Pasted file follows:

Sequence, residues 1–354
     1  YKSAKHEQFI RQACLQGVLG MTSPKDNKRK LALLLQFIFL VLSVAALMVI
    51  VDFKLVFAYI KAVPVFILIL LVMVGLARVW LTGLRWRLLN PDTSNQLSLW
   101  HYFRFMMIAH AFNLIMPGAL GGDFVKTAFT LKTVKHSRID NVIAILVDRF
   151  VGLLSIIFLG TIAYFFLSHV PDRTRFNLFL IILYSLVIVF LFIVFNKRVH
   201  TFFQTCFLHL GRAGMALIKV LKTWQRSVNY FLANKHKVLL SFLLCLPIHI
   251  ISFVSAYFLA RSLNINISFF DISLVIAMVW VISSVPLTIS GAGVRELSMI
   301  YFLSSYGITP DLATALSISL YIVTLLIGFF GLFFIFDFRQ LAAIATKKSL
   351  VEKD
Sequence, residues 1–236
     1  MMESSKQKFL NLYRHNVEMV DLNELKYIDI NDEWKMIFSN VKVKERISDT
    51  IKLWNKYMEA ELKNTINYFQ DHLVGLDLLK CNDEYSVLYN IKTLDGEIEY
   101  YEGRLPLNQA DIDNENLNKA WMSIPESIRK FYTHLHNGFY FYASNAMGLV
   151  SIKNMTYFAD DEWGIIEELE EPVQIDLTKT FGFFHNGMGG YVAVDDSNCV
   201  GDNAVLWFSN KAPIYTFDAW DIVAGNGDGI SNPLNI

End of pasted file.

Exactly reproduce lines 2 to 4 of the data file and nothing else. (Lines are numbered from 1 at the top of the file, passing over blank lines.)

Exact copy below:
     1  YKSAKHEQFI RQACLQGVLG MTSPKDNKRK LALLLQFIFL VLSVAALMVI
    51  VDFKLVFAYI KAVPVFILIL LVMVGLARVW LTGLRWRLLN PDTSNQLSLW
   101  HYFRFMMIAH AFNLIMPGAL GGDFVKTAFT LKTVKHSRID NVIAILVDRF